Primary goals of the multi-phase preservation project include upgrading the engineering to meet current code without modifying the look and feel of the historic structure and upgrading the comfort and energy performance characteristics of the structure. Deconstruction will require careful cataloguing of each element to be sure that it can be reconstructed in a way that will conserve and restore as much of the existing architectural material as possible. The reconstruction phase will include comfort and performance upgrades like the integration of insulation into the roof and a seismic upgrade that will require drilling threaded rods through the structure to invisibly lock the logs to the foundation.
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Arciform owner Richard De Wolf spent the last few days volunteering to help restore one of Oregon’s Most
Endangered Places, a historic smokehouse.
Here’s a report from the field about their progress:
We’ve had a great few days at the smokehouse. Here is a brief report of what we’ve found and done.
When we got there, the building was leaning seriously forward and to one side. My heart sank as I thought it might have been way too far gone. I didn’t even want to take a picture. The owner had the church group come out and “clean out” the smokehouse, which sounds exciting, but they also removed some of our structural support and staircase. The staircase was the only thing giving the building shear strength. Well, we didn’t let that get us down. We had it back up and straight by lunch, but that ate into our labor hours by 1.5 man days. Now that we had the structure straight again, we started doing pin point measuring and got all four corners level and plumb.
It really started looking great, at least to those who had seen it within the last twenty or so years. We are making headway! Then, we cut the rotted studs ends and put a new plate under the long wall on the right side of the building. (All of my directions are if you have your back to the main house and you are looking at the sliding doors) We then added a temporary shear panel to the interior of that wall to give the building rigidity that it never had. The opposite long wall was destined to be re-framed, so we removed that wall completely after shoring up the rafters and adding three replacement floor joists. When we got deeper into the removal, we found evidence that the side door was added later, so we made the bold decision to frame the new wall without the doorway. The door was set to the side for safe keeping.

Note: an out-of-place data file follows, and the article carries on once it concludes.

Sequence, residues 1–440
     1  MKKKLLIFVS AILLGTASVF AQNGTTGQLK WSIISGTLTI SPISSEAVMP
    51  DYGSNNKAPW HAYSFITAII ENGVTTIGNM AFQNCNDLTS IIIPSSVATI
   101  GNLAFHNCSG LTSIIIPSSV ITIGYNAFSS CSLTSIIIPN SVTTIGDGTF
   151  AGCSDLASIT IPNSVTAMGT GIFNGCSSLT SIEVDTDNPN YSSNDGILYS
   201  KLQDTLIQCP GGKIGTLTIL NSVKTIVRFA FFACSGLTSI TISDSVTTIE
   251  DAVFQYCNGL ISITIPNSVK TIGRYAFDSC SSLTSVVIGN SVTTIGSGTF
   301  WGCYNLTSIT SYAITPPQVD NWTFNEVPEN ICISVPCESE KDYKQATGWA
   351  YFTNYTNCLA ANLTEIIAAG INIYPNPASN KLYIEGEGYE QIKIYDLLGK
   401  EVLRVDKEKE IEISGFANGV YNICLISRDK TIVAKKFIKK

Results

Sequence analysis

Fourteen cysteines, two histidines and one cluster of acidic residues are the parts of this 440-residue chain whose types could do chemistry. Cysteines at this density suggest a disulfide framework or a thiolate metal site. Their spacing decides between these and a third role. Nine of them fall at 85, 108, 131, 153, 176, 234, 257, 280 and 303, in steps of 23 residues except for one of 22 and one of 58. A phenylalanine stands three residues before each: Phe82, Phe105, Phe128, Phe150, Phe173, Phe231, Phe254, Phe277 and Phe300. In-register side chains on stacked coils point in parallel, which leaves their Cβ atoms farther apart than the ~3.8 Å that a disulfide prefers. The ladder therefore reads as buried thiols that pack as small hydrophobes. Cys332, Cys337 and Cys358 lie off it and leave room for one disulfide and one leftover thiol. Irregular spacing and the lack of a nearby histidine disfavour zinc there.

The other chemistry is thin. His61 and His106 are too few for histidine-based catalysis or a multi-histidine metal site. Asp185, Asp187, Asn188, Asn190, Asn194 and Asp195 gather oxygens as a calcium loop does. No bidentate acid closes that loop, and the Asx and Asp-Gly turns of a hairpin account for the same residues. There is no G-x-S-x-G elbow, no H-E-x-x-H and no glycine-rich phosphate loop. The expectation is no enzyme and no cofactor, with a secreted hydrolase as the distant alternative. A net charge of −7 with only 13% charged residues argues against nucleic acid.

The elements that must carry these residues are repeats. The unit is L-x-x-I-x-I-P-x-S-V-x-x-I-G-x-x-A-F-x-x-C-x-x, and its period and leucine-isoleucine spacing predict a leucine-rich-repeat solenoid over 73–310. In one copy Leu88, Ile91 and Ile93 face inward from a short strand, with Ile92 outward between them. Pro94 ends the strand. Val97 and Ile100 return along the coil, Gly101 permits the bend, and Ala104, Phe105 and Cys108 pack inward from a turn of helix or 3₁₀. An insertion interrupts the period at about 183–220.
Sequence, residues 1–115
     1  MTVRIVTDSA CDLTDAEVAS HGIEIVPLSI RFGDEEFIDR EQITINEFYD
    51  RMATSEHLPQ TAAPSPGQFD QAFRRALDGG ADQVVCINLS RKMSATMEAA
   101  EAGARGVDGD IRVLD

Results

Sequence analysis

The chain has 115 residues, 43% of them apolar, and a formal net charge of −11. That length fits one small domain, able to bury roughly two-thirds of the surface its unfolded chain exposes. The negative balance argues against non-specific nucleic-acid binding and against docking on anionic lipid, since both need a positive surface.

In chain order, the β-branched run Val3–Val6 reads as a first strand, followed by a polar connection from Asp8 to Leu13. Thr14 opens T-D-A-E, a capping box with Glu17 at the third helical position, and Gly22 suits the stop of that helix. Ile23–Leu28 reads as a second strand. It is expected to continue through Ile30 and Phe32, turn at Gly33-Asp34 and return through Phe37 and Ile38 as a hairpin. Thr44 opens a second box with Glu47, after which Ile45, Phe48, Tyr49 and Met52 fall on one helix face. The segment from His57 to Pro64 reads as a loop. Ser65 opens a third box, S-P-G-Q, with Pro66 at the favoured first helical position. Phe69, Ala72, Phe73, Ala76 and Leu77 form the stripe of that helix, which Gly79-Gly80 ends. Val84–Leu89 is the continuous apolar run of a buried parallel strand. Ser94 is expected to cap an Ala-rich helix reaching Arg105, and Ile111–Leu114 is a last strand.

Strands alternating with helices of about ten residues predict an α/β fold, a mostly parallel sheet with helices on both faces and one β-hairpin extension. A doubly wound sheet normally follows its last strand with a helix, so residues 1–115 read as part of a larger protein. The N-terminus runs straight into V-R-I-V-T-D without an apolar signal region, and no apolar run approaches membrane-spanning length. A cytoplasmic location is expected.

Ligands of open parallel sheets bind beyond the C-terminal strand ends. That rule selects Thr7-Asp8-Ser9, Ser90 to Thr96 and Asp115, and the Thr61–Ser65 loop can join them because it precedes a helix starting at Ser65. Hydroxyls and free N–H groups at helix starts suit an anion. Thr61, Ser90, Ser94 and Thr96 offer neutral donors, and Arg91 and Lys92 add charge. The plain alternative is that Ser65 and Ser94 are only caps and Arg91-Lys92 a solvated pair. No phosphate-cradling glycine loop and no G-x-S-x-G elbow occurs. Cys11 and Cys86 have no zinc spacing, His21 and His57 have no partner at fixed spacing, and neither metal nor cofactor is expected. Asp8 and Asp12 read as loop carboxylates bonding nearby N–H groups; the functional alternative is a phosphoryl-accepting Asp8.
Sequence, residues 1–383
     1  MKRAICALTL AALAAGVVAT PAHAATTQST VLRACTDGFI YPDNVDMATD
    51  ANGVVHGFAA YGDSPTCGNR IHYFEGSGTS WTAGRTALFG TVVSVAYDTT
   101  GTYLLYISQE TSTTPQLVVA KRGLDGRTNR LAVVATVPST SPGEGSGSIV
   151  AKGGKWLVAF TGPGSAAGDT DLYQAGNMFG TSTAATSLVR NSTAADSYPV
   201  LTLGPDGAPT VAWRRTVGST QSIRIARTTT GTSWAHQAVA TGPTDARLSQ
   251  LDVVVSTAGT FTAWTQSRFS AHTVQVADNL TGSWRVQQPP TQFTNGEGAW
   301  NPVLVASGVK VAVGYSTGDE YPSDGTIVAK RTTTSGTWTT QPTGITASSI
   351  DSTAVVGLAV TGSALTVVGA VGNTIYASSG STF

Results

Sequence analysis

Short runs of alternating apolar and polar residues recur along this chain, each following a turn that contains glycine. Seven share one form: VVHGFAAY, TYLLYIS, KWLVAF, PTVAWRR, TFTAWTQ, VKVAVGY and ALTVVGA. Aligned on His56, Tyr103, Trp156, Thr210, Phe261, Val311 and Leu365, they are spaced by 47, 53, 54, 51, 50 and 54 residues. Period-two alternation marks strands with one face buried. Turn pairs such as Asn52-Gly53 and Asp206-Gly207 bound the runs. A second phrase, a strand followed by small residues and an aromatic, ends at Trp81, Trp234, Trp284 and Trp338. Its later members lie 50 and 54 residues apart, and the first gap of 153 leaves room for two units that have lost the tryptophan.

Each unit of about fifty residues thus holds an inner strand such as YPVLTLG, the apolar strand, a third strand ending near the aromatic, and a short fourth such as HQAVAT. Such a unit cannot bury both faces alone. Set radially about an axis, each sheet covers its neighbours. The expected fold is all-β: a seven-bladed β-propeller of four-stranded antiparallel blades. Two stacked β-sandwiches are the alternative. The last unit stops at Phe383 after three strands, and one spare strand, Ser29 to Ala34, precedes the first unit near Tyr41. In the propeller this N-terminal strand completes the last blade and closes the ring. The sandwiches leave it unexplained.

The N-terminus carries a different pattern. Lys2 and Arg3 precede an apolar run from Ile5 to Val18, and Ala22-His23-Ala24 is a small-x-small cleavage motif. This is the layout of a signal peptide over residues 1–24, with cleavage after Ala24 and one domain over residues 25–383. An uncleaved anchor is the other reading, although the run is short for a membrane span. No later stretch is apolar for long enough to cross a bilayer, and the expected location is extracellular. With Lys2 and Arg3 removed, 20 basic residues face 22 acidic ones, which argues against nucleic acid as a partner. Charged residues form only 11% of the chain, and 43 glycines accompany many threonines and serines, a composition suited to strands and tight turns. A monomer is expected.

Another bold move was that when we found that about two-thirds of the front wall had been replaced with new framing, or that the few old studs that were left had been rotted up about four feet, we decided to cut the lower portion of the studs out behind the new ceiling joist. This way, plans can be made for future use as to how the doors would want to be installed. Either for convenience, or historical accuracy, the groundwork has been laid to make and implement a quick and easy application. A new sill plate has been installed to aid in this.
All of the framing being used is vintage barn wood of the same species and compatibility with the rest of the structure, When necessary to mill the wood to new dimensions, we placed the cut side towards the siding side so the fresh cut wood is not visible or distracting from the appearance. While digging, we noticed lots of remnants of the original brick infill foundation and used that material and other brick from the property to dry set supports for the new pressure treated sill. The original structure appeared to be above grade which allowed air to flow in from the ground level, probably to aid in circulation for the action of the smokehouse.
A new top plate timber was created with matching notches to receive the wall studs. Three or four new rafters will be installed tomorrow, and the skip sheathing will be installed with new old barn wood where appropriate. New fasteners, where appropriate were hidden.
The intent is to leave the smokehouse free standing and framed completely. The temporary support beam and bracing will be removed Thursday. Siding, original wood, the doors and window will be left in the structure after back-filling and raking the dirt floor. The plywood shear panels will be left as a measure to continue and protect the building. These can be removed in the future as they were installed with screws. (the original studs had many nail and screw holes, so this did not deter from the originality of the structure.) Arciform will re-asses the finances and if there is money left over, will provide and install standard galvanized agricultural metal roof panels to protect the building. Traditionally, the building would have had wood shingles. This will be done during the summer season when our work schedule opens up again between jobs.
We can’t wait to see the finished restoration of this historic smokehouse. We’ll keep you posted.